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Local businesses anticipate economic hit and it will trickle down

Ngaire Ho Ching, chief executive officer of Neil’s ACE Home Center

Pago Pago, AMERICAN SAMOA — The American Samoa Chamber of Commerce learned some disturbing information after reaching out to local businesses for input on the business association’s COVID-19 economic response plan forwarded to ASG recently.

 Some of the larger local businesses pointed out that confirmation of sufficient stocks to meet local demand has been difficult; and from this expect a downturn in container volume as the coronavirus has caused havoc in moving goods around the world.

This information prompted the Chamber to tell ASG  “our businesses need help NOW. (Read details of Chamber’s response plan in Monday, March 30 issue.)


“As you’re aware, the supply of face masks is depleted and we don’t know when we’ll be able to obtain more due to the huge demand that the health sectors identified as first priority,” Ngaire Ho Ching, chief executive officer of Neil’s ACE Home Center wrote to Chamber chairwoman, Ella Gurr in a March 16 letter.

“Essential supplies such as hand sanitizers, waters, antibacterial cleaners like Clorox wipes, as well as toilet paper are scarce and we’re having difficulty confirming when sufficient stocks will be available to meet the local demand,” Ho Ching explained.

She notes that production in China is currently at approximately 30% at best and “we estimate we will start seeing shortages across the board as well as for building materials and household commodities within the next month or so as current inventories are quickly depleted.”

In preparation for this, she said the company has increased its orders within the last month for approximately 3 months’ worth of supply on hand to six months, however, “we aren’t seeing those orders flowing as yet.”

“Exacerbating these supply issues was the shipping delay due to the Captain Papatele (container vessel) experiencing major engine failure,” she explained. (Capt. Papatele encountered engine failure early last month, and finally arrived here about two weeks ago.)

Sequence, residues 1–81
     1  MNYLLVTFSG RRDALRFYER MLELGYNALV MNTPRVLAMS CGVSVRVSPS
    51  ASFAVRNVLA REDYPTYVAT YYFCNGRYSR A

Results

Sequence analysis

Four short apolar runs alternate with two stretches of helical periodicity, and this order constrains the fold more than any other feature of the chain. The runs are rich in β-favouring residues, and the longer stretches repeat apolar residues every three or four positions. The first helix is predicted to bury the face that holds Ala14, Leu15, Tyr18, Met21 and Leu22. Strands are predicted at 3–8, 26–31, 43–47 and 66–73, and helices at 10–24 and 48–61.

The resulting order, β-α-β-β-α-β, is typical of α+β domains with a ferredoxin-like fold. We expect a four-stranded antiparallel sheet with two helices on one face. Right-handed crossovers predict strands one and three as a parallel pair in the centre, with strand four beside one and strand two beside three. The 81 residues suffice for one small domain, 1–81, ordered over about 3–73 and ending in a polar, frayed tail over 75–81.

“Compounding these supply and demand challenges we’re currently facing is the concern of having to quarantine our staff in the near future. Or worst case scenario shut down all operations indefinitely,” said Ho Ching.

She explained that the company employs about 105 workers and the impact on the individual households alone would be detrimental to the economy if they were forced to be quarantined for a minimum of two weeks without any compensation.

Additionally, the loss of revenue in the form of payroll taxes, corporate taxes, etc., to the local government would be huge not to mention “the hit to our bottom line.”

She points out that Neil’s has already had to absorb the loss of revenue in February due to the three-storms in one-week which caused the company to close its doors for two-and-half days and resulted in a loss of over 6.5% in revenue year-to-date.

“We believe the government can and should assist us in our time of need in the form of tax breaks and short term unemployment benefits. The business sector continues to shoulder the brunt of taxes,” she said. “If we’re unable to receive the necessary assistance, we’ll be forced to take measures such as layoffs, which will be detrimental to our economy.”


“We are expecting a down turn in container volumes in the second quarter of 2020,” wrote Harbor Maritime & Stevedoring Co. general manager, Gary Walters in a Mar. 17th letter to Gurr, providing the latest outlook on shipping. “This shortage is due to supply chain and logistical challenges of the European, Asian and American markets caused by the virus.”

As to incoming cruise ships, for which the company is the local agent, Walters said that due to the coronavirus outbreak, the governor restricted cruises ships from entering the territory until further notice.

“We were expecting 19 ships in 2020. Year-to-date, we have seen 6 vessels denied entry,” he said adding the count of vessels denied is expected to increase each month.

He also noted that the company has seen a slight drop in revenue since the COVID-19 was identified and, he expects continued revenue decreases in the months to come.

Shipping company, Hamburg Sud shared with Gurr a Mar. 16th “customer advisory” issued by its US office saying that vessel and terminal operations continue to operate normally, “but we are seeing some terminal closures, primarily in Los Angeles and Seattle, due to decreased throughout.”

It also says that “we are continuing to see some equipment supply issues due to the decreased imports over the last months from the COVID-19 impact in Asia.”